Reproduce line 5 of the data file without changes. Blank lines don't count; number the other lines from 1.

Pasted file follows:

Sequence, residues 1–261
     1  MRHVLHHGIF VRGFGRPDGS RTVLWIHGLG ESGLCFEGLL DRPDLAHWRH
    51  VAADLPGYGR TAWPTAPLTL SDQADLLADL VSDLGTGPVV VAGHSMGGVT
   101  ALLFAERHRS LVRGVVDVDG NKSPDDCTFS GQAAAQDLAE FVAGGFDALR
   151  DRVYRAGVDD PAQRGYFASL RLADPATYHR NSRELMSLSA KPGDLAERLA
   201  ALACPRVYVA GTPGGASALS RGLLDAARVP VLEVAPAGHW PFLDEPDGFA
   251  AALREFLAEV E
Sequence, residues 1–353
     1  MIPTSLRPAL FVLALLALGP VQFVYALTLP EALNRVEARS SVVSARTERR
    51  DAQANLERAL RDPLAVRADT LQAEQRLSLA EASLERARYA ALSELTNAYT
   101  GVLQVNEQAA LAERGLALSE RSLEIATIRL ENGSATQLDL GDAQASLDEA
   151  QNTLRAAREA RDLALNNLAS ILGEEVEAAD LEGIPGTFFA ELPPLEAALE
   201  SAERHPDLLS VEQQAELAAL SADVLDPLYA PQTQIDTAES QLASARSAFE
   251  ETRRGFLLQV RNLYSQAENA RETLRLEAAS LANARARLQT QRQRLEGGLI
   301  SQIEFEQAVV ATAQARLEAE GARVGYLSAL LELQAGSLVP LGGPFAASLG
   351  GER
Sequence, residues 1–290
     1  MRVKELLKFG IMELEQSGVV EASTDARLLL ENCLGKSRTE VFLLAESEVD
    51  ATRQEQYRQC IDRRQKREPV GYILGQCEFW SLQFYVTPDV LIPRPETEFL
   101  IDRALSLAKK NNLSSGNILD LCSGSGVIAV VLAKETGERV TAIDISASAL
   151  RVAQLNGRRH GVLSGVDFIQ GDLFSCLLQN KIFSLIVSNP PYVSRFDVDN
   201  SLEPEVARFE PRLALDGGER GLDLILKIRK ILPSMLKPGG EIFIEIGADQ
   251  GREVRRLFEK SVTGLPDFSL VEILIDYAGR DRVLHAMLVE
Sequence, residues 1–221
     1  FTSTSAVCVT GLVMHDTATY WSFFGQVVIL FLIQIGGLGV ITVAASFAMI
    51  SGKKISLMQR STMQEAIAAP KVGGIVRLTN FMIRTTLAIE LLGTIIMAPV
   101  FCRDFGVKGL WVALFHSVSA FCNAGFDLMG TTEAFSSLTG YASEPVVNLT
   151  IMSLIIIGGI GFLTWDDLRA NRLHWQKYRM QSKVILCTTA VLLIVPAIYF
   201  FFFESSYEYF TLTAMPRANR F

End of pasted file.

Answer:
   151  DRVYRAGVDD PAQRGYFASL RLADPATYHR NSRELMSLSA KPGDLAERLA